Despite numerous Orders and direction from CPUC staff, PG&E and the other utilities were delaying executing a dozen BioMAT contracts that have been pending since last fall. The CPUC rejected a motion by PG&E to suspend the BioMAT program, but then PG&E claimed that a federal court decision on the ReMAT program justified the utility’s continuing refusal to sign BioMAT contracts. After reviewing the Winding Creek decision and parties’ comments on it, the CPUC ordered the utilities – yet again – to continue BioMAT contract execution. The CPUC issued Resolution E-4922 on March 22, ordering PG&E and other utilities to continue BioMAT procurement and contract execution.
Despite repeated orders from the CPUC telling PG&E that it does not have the authority to suspend BioMAT procurement, PG&E has tried yet again by announcing that it will not sign BioMAT contracts until a federal court case involving the ReMAT has been resolved. That could be years. Meanwhile, the CPUC has ordered PG&E to continue BioMAT procurement, but PG&E will not sign any new BioMAT contracts until the CPUC orders it – yet again – to do so.
Fortunately, Phoenix Energy filed a motion to compel PG&E to execute BioMAT contracts. BAC filed this joint response with the California Association of Sanitation Agencies, Placer County Air Pollution Control District, and Aries Clean Energy in support of Phoenix Energy’s motion.
On December 15, the California Public Utilities Commission rejected PG&E’s Motion to Suspend BioMAT Procurement. The Commission ordered PG&E to continue procurement and told PG&E – again – that it does not have the authority to unilaterally suspend BioMAT procurement without the Commission’s approval.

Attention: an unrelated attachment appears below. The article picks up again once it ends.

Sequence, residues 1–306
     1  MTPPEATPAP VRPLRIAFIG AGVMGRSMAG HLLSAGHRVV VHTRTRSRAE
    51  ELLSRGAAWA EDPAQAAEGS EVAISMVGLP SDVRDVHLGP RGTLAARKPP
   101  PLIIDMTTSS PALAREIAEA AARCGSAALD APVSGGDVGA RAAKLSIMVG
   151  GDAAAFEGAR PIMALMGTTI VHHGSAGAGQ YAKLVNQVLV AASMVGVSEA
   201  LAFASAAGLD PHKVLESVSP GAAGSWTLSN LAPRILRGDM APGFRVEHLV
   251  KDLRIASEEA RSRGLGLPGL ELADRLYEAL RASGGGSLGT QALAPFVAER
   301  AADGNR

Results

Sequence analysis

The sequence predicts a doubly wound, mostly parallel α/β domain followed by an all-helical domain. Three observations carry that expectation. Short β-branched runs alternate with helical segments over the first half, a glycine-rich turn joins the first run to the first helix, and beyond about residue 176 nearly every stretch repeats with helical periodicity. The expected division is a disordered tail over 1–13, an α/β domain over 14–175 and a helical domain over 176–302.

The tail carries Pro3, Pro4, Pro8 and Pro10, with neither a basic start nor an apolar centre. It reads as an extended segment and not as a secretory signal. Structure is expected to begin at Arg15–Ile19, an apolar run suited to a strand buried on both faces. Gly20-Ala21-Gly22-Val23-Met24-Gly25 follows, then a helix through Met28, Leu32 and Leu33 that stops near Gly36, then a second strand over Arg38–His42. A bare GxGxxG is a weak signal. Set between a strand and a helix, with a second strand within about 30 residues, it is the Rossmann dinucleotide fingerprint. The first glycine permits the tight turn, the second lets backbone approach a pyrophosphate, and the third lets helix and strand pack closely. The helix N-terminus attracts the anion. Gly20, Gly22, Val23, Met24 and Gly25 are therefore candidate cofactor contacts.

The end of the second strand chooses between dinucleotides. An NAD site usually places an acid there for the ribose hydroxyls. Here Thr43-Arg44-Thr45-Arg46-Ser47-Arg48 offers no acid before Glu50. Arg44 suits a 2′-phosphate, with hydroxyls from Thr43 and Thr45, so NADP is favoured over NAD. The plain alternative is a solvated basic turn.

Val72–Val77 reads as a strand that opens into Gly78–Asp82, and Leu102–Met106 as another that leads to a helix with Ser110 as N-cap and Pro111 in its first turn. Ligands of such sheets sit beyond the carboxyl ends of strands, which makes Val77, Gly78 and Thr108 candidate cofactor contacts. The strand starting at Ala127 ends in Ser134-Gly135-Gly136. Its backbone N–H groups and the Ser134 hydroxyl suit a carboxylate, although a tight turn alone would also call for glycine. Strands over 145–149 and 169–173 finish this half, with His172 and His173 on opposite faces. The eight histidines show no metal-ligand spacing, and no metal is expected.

BAC filed an emergency motion to compel PG&E to continue BioMAT procurement. BAC’s motion included nearly a dozen letters from individual BAC members documenting the harm that PG&E’s announced suspension was causing BAC members.
In the early days of the BioMAT proceeding, PG&E asked the California Public Utilities Commission for the authority to suspend the BioMAT if PG&E suspected market manipulation or other problems with the program. The CPUC rejected PG&E’s request in no uncertain terms, saying that to give PG&E that authority would remove the Commission’s own responsibility for oversight of the program (and the utility). Despite the Commission’s clear reject of PG&E’s proposal, PG&E announced on December 1, 2017 that it would suspend BioMAT procurement effective December 31.
Read the PG&E MotiontoSuspendBioMAT
BAC has petitioned the CPUC to modify the BioMAT program to meet the requirement of SB 1122 to procure 250 MW of bioenergy from new, small-scale bioenergy facilities. BAC has asked the CPUC to remove or extend the BioMAT program end date, since SB 1122 contained no end date or offramp of any kind. BAC also asked the CPUC to make changes to the BioMAT decision that will help to reduce interconnection costs and timelines.
To read BAC’s Petition to the CPUC and its reply to comments on the Petition, click below.
Fifteen California counties and the Rural County Representatives of California urge the CPUC to adopt policies to increase baseload and flexible generation power, including biomass and biogas, as part of California’s 50 percent renewable power requirement. The counties lay out the many benefits of biomass and biogas for ratepayers and the public, including renewable power to complement wind and solar, provide grid stability, reduce Short-Lived Climate Pollutants, protect water and hydropower supplies, protect utility infrastructure from wildfire, and provide economic development in rural communities.
See the Counties’ letter to CPUC
In August, the CPUC sought comments on implementation of SB 840, which waives some interconnection requirements for forest BioMAT projects. BAC’s Comments and Reply Comments are below.
The Sacramento Bee published an opinion piece by BAC’s Executive Director and Tuolumne County Supervisor Hanvelt on the need for the CPUC to move more quickly on bioenergy development under the Governor’s Emergency Order. The op-ed underscores the importance of forest biomass facilities to protect public safety and the many benefits to ratepayers and the public of converting California’s millions of dead trees to energy. To see the opinion piece, click here.